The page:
Monday, February 9, 2009

Island Sanctuary

Mokoia Island. Aerial View. Image supplied by Wai Ora Group
Lake Rotorua’s Mokoia Island is a private tribal island owned and governed by four local hapu (tribes) of Ngati Whakaue, Ngati Uenukukopako, Ngati Rangiwewehi and Ngati Rangiteaorere. It has held a prominent place in Maori cultural history and its fertile soils saw early Te Arawa people using it to grow food crops – especially the kumara (sweet potato). Today it provides an excellent example of partnership conservation -the island’s restoration and protection is headed by the Mokoia Island Trust Board while the Department of Conservation provides technical advice and practical support; and DOC in conjunction with Mokoia Island Wai Ora Experiences carry out a quarantine check of all guests visiting the island, in order to protect the breeding programme of several of New Zealand’s most precious native birds.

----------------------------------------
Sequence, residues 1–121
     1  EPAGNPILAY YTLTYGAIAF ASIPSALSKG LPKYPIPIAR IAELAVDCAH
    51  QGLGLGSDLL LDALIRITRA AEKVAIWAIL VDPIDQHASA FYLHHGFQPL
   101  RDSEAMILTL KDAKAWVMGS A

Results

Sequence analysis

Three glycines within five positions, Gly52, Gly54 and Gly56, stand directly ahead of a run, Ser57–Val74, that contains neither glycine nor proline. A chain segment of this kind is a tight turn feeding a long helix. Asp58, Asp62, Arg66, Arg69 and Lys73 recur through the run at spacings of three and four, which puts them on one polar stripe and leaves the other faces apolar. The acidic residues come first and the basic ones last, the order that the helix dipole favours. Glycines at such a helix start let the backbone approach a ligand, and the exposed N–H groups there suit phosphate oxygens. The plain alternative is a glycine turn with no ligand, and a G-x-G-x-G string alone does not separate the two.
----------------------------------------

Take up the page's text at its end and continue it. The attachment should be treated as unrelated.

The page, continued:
Guided Mokoia Island Tour. Image Supplied by Wai Ora Group

Top: Tieke or Saddleback. Bottom: Kakako. Images supplied by Wai Ora Group.
Access to Mokoia Island is strictly limited to permitted operators only - the team at Mokoia Island Wai Ora Experiences for instance. They run a number of fascinating tours that give visitors an insight into this beautiful, mysterious place. I particularly like the sound of their Birds of Mokoia tours. Mokoia is New Zealand’s only inland island bird sanctuary and it has New Zealand’s largest population of Tieke (Saddleback), a bird that takes its English name from the band of colour running across the adult bird’s back. According to Maori tradition, the saddle marking was caused by the man-god Maui when he scorched the feathers of the bird after capturing the sun. In addition you’ll see tui, weka, toutouwai (North Island Robin), kokako and kiwi. (Like the extinct Huia, the kokako and tieke are part of the Wattlebird family and are found nowhere else in the world).

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